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NewVic college strikers fight academisation

Since the dispute started around 15 staff members have joined the NEU union
Issue 2784
NEU union rep Rob Behan stands on a wall to address 35 strikers and supporters on Wednesday

NEU union rep Rob Behan addresses strikers and supporters on Wednesday (Pic: Socialist Worker)

Teachers at Newham Sixth Form College (NewVic) in east London began strikes against academisation, bullying, restructuring and workload on Wednesday.

Around 35 people joined the lively picket line including former staff, local residents and strikers from Oaks Park High School in the neighbouring borough of Redbridge.

The NEU union members held banners and signs reading, “Save your child’s future” while they sang protest songs. NEU rep Rob Behan told Socialist Worker, “It’s been very difficult to work throughout the pandemic, there’s more pressure on staff than ever before.

“Over the last five years we’ve been doing more with less. We’re trying to help students catch up, and government cuts are making the situation much worse.

“We want the college to immediately drop any prospect of academisation. We want to be involved in negotiations, and not just be consulted about plans they have made.”

Many strikers who wished to remain anonymous described a “culture of top down bullying”.

“There’s a lot of discriminatory practices that makes us jump through hoops,” one said.

“Management usually gets new staff who aren’t yet in the union to do their dirty work. This adds to the excessive workload and the mental health effects it has.”

Striker J said, “Normally I just keep plodding on, but after Covid, back to back Zoom meetings and now this, I’ve had enough. Senior management have gone too far.

J argued that the college is vital for local people. “I’m fortunate to work alongside these people, they’re inspirational,” she said.

“Young local people are inspired by their teachers to return to the school later in life to work”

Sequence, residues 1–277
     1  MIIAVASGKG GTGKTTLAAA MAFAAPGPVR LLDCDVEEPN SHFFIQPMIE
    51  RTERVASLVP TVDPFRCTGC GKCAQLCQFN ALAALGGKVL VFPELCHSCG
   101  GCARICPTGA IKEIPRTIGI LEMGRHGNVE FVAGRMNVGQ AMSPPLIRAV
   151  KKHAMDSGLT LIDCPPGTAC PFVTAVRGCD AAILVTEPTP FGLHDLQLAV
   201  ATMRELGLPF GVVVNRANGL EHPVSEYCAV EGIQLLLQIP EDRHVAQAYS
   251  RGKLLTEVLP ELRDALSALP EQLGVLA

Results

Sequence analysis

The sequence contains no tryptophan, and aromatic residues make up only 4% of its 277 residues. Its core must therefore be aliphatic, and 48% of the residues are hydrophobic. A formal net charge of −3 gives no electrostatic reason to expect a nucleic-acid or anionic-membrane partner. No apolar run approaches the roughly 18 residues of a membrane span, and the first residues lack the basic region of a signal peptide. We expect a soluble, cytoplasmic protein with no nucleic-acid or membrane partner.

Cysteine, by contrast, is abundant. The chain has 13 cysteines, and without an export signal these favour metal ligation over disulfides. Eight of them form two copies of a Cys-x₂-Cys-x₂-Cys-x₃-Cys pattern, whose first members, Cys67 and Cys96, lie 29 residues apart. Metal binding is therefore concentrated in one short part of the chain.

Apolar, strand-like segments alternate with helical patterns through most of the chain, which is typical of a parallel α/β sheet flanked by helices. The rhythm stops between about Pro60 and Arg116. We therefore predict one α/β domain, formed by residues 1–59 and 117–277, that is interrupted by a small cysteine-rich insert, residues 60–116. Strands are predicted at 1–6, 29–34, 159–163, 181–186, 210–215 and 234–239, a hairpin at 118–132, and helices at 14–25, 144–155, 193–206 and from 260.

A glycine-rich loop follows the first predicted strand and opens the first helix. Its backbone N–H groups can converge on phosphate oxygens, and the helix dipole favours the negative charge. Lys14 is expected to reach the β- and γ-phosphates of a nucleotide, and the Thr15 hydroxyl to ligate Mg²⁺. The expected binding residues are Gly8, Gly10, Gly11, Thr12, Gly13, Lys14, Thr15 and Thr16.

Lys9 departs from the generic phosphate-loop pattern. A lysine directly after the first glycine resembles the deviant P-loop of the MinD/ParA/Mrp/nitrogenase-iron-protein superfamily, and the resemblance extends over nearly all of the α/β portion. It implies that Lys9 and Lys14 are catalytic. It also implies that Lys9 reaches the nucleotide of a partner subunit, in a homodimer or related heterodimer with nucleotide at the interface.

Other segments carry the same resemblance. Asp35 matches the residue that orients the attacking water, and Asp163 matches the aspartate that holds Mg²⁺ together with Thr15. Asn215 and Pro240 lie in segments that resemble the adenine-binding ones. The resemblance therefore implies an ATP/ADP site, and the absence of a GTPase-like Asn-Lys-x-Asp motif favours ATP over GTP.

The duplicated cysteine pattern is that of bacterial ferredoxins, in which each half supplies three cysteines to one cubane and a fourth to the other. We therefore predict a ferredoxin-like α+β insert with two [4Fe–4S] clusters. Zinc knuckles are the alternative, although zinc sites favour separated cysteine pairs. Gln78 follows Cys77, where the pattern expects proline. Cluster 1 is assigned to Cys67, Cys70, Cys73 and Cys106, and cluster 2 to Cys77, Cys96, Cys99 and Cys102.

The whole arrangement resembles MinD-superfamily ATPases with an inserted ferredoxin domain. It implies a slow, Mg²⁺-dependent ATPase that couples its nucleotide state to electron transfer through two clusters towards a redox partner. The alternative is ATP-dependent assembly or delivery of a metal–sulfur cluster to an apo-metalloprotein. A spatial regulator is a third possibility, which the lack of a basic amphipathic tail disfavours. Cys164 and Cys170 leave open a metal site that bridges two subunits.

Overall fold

Half of children in Newham live in households in poverty. Strikers say a non-academised school that enrols 2,500 young people, providing a wide range of opportunities, is important to give them hope.

Rob added, “This is an important fight for education because it’s about how we go back to doing things after Covid.

Since the dispute started around 15 staff members have joined the NEU. According to union reps, 90 percent of NewVic staff are now unionised.

The strike disrupted lots of lessons. But when teachers informed students about why they won’t be working, they received lots of support and solidarity.

NEU president Daniel Kebede also gave solidarity to the pickets. He told Socialist Worker, “Workload, restructures and academisation—teachers don’t deserve these things and if management doesn’t listen to them there will be more action.”

Across education, managers are using the pandemic as a shield to push through more attacks on workers. This is coupled with the harsh austerity measures the Tory government imposes on the education sector.

Strikes at NewVic show workers can fight back.


Join the pickets on Monday and Tuesday next week from 8am, Prince Regent Ln, E13 8SG. Messages of solidarity to [email protected] and [email protected]

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